Earlier today, the organizers behind the Consumer Electronics Show (CES) announced the decision to go all-digital in 2021. CES is easily one of the largest and most well-known showcases for tech each year. These days, nearly 175,000 people descend upon Las Vegas to participate at this event, whether it be as an exhibitor, a member of the press, or simply as an enthusiast for new tech. The event features everything from show floor exhibits to countless interviews. Senior tech officers and software engineers always deliver their fair share of talks as well, in addition to high-profile keynote speakers.
The organizers cited health concerns as the obvious reason for making CES 2021 digital, but the show must go on. The Consumer Technology Association (CTA) described its plan as a re-imagining of CES to “connect exhibitors, customers, thought leaders, and media.” It sounds bold of course, but from what we’ve seen so far with digital presentations, it certainly won’t hold up to the traditional hands-on experience.
CES 2021 wants to keep discussions going
However, the CTA did describe the experience in a way that seemingly embraces the importance of communication. “An all-digital CES 2021 will allow the entire tech community to safely share ideas and introduce the products that will shape our future. You’ll be able to participate in all the awe-inspiring moments of CES wherever you are in the world.” Hopefully, most of the show won’t turn into a one-way stream of information.
The CTA advertised a highly personalized experience, though the details on how they plan to make that happen are limited. They confirmed CES 2021 will still offer keynotes and conferences, product showcases, and live demos. Of equal importance though, they mentioned meetings and networking opportunities. “You’ll be able to engage with the brands, thought leaders, and business connections you care about with live interactions, meetups, or round-table discussions.”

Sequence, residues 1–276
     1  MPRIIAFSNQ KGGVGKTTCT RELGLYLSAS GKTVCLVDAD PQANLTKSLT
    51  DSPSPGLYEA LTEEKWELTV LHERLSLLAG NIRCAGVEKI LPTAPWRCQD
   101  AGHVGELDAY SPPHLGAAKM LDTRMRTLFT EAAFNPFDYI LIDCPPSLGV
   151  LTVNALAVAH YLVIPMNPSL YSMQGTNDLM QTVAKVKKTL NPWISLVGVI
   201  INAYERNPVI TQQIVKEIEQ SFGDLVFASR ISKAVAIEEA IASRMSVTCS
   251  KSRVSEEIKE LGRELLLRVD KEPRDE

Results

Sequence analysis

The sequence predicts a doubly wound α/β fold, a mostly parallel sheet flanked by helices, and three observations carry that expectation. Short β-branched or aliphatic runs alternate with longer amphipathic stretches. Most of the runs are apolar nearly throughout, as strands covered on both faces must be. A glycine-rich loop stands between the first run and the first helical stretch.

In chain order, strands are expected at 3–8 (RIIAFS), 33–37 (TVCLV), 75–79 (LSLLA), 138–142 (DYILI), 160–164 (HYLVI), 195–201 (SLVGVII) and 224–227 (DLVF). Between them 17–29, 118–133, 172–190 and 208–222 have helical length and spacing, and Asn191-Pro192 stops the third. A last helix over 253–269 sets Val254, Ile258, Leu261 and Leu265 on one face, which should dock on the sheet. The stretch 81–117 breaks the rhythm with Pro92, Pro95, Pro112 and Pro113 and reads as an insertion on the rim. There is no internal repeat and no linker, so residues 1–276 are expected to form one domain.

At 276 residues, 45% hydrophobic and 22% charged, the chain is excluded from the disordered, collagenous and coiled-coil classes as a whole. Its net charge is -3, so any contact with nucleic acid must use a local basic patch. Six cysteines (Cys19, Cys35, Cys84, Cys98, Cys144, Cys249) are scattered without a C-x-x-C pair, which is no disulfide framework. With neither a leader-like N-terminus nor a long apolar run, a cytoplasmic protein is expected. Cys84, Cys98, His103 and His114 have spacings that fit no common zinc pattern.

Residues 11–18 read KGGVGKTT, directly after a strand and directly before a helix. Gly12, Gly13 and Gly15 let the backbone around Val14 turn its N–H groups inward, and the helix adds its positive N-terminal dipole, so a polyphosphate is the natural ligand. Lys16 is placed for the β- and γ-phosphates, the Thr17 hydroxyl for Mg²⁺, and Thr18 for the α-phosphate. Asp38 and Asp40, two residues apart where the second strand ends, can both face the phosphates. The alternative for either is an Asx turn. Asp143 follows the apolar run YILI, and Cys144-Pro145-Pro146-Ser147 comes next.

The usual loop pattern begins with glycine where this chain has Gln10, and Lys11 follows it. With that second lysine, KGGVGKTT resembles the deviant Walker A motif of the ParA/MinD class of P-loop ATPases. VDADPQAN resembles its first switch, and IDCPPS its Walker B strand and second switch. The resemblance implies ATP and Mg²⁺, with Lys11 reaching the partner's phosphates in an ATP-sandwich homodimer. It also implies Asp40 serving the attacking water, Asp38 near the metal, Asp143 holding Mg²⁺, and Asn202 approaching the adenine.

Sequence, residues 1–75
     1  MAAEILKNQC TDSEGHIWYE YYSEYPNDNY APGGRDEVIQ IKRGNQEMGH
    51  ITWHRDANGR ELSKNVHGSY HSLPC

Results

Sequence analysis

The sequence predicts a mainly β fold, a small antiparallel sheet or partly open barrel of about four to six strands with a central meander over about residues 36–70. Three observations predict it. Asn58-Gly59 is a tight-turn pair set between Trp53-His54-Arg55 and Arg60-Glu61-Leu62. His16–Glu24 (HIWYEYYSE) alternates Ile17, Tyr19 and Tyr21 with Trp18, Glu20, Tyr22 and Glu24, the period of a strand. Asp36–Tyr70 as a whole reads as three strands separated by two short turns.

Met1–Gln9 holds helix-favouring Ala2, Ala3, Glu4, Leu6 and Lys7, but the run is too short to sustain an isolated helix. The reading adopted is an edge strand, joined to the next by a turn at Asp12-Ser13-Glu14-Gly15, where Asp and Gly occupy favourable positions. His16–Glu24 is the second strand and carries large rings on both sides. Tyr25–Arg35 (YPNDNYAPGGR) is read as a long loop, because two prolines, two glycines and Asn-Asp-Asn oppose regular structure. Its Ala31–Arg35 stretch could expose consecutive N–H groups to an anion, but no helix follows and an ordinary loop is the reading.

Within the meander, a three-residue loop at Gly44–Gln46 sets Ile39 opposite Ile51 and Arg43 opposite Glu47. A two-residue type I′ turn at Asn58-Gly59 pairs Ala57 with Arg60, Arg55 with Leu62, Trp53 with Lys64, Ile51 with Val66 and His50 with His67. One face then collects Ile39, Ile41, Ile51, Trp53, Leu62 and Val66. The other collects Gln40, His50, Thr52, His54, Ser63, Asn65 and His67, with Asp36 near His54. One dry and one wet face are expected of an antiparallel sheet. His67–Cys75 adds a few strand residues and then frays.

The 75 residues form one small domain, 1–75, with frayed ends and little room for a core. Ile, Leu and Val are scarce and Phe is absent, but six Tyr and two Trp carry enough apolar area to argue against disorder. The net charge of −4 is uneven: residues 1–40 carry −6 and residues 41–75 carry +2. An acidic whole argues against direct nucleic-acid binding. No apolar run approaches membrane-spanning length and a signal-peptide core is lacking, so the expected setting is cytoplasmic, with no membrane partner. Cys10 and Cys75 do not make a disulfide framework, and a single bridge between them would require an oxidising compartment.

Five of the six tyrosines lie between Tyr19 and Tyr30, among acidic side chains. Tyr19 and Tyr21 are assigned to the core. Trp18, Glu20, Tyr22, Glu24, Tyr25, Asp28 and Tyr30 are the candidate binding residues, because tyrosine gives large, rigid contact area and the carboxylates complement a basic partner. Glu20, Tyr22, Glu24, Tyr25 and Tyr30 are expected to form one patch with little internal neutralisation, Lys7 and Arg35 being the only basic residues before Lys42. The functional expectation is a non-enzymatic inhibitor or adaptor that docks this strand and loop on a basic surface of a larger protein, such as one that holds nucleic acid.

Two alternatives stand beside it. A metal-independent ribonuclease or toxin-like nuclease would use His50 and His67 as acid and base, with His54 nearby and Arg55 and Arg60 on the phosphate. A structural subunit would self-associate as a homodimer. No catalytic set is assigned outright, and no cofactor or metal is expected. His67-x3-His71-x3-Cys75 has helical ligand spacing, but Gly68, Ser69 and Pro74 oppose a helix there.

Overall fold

The ability of the media to get first-person impressions and ask pressing questions sounds limited, though. Not all news outlets may get the same opportunities they would normally enjoy on the show floors as well.
PC Hardware highlights
The likes of Nvidia, AMD, Intel, and countless other tech manufacturers are a big deal for PC gaming enthusiasts at CES each year. The event typically offers a preview of products to expect in the later quarters of the year, or even a glimpse at prototypes and other potential breakthroughs. At this year’s CES 2020, AMD teased its next-generation RDNA 2 ray-tracing architecture for GPUs. Meanwhile, Intel showed off Tiger Lake, its speedy 10nm-based mobile CPU architecture.
Companies typically flash fancy statistics on improvements over previous product generations, but it’s up to the media to get specifics. Whether or not CES 2021 will provide those opportunities is yet to be seen. Exact dates are still not certain, but the CES 2021 digital event will take place in the first week of January.
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